On May 29, 2015, the commander-in-chief Humberto Oviedo, aware that the anti-discrimination issue requires a more specific regulation, and indeed a cultural change within the army, issued an Order of Command to expand and complement the 2012 order that had repealed all rules contrary to the Anti-discrimination law. It was established emphatically that "the Chilean Army, as an institution that must and belongs to all Chileans without exception, does not discriminate arbitrarily on the basis of race or ethnicity, socioeconomic status, religion or belief, sex, sexual orientation, gender identity, marital status, affiliation, personal appearance or any other reason." The discriminatory conducts of its officials are "expressly and definitively prohibited." If someone violates this principle will incur a "very serious offense, regardless of the rank hierarchy, category or type of contract."[86]

Conversion therapy[edit]

In June 2015, the Chilean College of Psychologists announced its rejection to the realization of so-called "reparative therapy to cure homosexuality," also known as conversion therapies. After conducting an investigation, through its Gender and Sexual Diversity Committee, established that "the different sexual orientations are no deviations or mental illness, therefore, there is no disease to cure." Through a press release, they stated that "there is no scientific study showing that conversion therapies change homosexuality, so only produce frustration and damage to their patients."[87]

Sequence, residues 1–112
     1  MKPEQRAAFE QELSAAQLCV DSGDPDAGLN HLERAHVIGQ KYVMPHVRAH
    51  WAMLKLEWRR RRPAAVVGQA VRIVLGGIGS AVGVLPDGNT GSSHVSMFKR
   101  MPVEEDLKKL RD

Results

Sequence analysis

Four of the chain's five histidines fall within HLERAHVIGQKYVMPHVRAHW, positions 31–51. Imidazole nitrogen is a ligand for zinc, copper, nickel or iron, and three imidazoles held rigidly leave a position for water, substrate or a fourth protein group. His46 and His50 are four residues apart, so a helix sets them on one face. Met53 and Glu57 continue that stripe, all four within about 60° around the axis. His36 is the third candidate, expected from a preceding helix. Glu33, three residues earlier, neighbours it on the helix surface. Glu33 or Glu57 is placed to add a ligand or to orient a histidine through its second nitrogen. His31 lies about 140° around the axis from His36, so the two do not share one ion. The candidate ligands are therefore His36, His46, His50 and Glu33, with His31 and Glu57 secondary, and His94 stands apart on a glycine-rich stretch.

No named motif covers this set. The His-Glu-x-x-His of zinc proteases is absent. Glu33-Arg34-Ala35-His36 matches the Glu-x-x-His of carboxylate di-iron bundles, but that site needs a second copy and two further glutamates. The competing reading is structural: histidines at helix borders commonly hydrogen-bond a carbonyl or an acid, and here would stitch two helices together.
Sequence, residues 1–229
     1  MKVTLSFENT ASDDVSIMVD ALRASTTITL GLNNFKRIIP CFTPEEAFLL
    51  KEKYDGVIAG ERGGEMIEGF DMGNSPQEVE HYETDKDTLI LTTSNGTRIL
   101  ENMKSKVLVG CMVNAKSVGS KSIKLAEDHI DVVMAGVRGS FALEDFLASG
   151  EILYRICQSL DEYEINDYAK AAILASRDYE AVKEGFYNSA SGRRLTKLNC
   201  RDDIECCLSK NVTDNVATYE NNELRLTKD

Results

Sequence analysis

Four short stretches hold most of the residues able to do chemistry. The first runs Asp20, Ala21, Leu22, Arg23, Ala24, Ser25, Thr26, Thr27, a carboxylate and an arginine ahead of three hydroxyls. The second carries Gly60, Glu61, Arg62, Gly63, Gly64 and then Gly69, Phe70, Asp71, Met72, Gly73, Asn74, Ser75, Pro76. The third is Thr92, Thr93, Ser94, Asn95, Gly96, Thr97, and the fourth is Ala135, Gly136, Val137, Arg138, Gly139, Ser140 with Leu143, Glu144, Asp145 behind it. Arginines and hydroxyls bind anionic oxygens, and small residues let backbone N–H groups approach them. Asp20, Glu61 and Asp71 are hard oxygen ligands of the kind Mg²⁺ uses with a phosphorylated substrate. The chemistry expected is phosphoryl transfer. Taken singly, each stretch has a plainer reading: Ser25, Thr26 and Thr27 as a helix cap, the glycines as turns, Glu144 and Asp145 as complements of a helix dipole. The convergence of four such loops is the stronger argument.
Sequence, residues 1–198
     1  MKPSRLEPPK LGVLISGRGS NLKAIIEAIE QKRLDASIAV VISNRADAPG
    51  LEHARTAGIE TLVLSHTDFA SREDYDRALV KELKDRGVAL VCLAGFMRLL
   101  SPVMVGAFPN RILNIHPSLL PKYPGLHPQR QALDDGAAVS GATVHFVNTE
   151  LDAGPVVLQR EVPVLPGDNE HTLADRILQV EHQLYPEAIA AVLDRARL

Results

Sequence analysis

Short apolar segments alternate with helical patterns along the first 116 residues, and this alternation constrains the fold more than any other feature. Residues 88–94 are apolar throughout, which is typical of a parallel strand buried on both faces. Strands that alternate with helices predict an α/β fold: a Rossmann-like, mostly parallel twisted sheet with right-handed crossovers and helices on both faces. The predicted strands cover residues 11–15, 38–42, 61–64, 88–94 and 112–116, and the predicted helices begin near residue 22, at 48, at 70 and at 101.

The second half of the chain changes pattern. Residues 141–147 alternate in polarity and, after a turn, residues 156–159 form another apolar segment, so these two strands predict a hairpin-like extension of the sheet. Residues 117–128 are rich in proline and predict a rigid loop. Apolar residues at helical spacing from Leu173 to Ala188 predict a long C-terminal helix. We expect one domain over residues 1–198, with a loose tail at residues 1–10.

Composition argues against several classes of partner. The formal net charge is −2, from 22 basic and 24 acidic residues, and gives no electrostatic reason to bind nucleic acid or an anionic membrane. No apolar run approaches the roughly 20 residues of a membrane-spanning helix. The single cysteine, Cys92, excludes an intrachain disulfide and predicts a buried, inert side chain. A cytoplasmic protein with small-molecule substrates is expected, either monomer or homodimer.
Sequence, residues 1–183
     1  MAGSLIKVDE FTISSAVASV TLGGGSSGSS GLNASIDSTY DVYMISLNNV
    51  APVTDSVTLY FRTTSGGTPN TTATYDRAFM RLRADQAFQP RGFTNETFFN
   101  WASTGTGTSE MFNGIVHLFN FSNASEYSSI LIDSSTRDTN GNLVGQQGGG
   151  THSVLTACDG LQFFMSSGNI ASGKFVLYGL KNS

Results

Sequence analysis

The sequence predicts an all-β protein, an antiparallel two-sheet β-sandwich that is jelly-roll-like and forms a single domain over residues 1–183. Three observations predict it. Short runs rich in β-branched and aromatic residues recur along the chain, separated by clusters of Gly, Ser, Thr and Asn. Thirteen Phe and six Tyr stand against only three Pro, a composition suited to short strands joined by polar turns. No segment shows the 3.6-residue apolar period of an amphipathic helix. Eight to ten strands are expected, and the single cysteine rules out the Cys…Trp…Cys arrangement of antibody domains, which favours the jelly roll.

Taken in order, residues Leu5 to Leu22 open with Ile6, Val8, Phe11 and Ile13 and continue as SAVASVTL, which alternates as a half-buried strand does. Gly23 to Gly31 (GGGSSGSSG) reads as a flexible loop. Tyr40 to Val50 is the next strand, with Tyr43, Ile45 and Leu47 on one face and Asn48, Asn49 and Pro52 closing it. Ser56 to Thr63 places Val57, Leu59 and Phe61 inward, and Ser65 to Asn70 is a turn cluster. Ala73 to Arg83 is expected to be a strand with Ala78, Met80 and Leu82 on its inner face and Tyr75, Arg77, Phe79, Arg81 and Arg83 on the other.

In February 2016, the Chilean Ministry of Health for the first time expressed their opposition to conversion therapy. “We consider that the practices known as ‘reparative therapies’ or ‘conversion’ of homosexuality represent a grave threat to health and well-being, including the life, of the people who are affected,” they stated.[88]

Summary table[edit]

Same-sex sexual activity legal Yes (Since 1999)
Equal age of consent No For male (Pending) / Yes For female
Anti-discrimination laws in employment Yes (Since 2012-2016)
Anti-discrimination laws in the provision of goods and services Yes (Since 2012)
Anti-discrimination laws in other areas Yes (Since 2012)
Hate crimes law including sexual orientation and gender identity Yes (Since 2012)
Recognition of same-sex couples (e.g. civil union) Yes (Since 2015)
Same-sex marriage No (Pending; Same-sex marriage from abroad is recognized as a civil union since 2015)
Step-child adoption by same-sex couples No (Pending)
Joint adoption by same-sex couples No (Pending)
Adoption by single LGBT person Yes
LGBT people allowed to serve openly in the military Yes
Right to change legal gender Yes
Sexual orientation conversion therapy banned by law No
Intersex minors protected from invasive surgical procedures Yes (Since 2015)
LGBT anti-discrimination law in public and private schools Yes (Since 2016)
LGBT anti-bullying law in public and private schools Yes (Since 2011)
Access to artificial insemination/IVF for lesbian couples Yes
Commercial surrogacy for gay male couples Yes (No prohibition)
MSMs allowed to donate blood Yes (Since 2013)

See also[edit]

References[edit]